The defining image of the 1989 Lok Sabha elections was VP Singh campaigning across the country and claiming that he had in his pocket the Swiss bank account number where the Bofors payoff money had been deposited. Singh won the election and became prime minister but never revealed the account number. Nearly 30 years later, Rahul Gandhi is hoping to do to Narendra Modi what Singh did to his father Rajiv
Mr Gandhi now routinely claims that the prime minister is corrupt and has struck deals to protect his VVIP friends in the Rafael aircraft deal and the Nirav Modi banking scam. He offers no direct proof of any prime ministerial involvement but throws enough muck in the hope that some of it will stick. Unlike Singh, Mr Gandhi cannot claim to be a 'Mr Clean' since he carries the tainted baggage of his party but he does have a similar anti-incumbent advantage.
On the face of it, the allegations couldn't have come at a worse time for the BJP and prime minister Modi. The tail end of year four of a government is usually when the spectre of general elections loom large. Every move is driven solely by re-election calculations. For the opposition, this is open season, a period of 'hit and run' politics where the singular aim is to diminish the ruling party's credibility in the eyes of the voter, a period where perceptions matter as much as reality.
It is precisely this perception game that is being fought at the moment. For three years and a bit, Narendra Modi was able to ride high on the aura of being an incorruptible moral crusader, a political 'chowkidar' who could proudly boast, 'na khaoonga, na khane doonga.' It was an image that Mr Modi was able to contrast successfully with his predecessor who was lampooned as 'Maun-Mohan' Singh, a weak and silent leader who had allowed vaulting corruption to flourish under his watch. It is an image which he seeks to protect today when his government has finally arrested Karthi Chidambaram, the son of the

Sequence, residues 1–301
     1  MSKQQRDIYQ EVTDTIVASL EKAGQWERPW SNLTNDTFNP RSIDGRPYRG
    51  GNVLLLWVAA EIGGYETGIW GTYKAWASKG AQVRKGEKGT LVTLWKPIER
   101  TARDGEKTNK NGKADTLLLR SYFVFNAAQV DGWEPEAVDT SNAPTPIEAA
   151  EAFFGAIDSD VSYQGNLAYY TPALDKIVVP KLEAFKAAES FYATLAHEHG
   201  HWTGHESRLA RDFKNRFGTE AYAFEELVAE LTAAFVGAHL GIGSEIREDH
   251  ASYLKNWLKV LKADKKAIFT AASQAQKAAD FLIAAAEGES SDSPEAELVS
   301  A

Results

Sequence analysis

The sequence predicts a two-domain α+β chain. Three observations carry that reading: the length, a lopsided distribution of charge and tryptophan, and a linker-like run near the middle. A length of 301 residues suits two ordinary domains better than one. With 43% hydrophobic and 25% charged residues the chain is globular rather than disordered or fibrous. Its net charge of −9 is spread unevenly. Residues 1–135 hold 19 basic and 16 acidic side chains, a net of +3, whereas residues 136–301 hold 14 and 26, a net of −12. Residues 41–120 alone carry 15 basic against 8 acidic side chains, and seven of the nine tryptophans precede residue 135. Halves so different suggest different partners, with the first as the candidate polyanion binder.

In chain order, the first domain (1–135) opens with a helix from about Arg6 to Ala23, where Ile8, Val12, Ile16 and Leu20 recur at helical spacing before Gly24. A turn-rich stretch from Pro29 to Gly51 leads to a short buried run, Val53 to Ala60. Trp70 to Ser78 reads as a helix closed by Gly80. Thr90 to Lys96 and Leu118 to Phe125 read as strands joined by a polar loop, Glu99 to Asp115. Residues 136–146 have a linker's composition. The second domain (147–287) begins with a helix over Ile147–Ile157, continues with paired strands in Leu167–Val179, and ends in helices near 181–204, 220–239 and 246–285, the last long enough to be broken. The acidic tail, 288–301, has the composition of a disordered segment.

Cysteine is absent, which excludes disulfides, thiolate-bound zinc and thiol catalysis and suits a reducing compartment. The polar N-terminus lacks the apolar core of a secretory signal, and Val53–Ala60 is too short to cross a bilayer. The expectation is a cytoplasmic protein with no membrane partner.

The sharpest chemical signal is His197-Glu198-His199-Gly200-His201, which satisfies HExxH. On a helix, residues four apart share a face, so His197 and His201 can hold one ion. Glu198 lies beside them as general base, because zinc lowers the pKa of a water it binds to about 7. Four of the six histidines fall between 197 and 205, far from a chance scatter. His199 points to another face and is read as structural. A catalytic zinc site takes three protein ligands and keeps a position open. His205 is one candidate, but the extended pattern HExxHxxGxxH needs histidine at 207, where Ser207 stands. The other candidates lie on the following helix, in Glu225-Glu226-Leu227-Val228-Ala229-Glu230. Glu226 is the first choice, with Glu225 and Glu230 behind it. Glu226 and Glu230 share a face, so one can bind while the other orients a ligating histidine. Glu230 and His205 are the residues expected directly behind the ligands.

former finance minister, after dithering for more than a year.
That there is no independent proof to corroborate any charge of kickbacks in the Rafael deal doesn't seem to matter. That Nirav Modi may have little in common with the prime minister apart from the surname or that a scam in a local PSU bank branch can hardly be the direct responsibility of the prime minister's office also seems irrelevant to the cacophonous political discourse. Just the optics of the prime minister being photographed in Davos with a beaming Nirav only last month or, worse still, endearingly addressing Nirav's fugitive uncle and business partner, Mehul Choksi, as 'Mehulbhai' at a private function at the prime minister's residence is enough to suggest that this is a case of suspected political cronyism (the old Hindi cliche 'daal mein kuch kaala hai').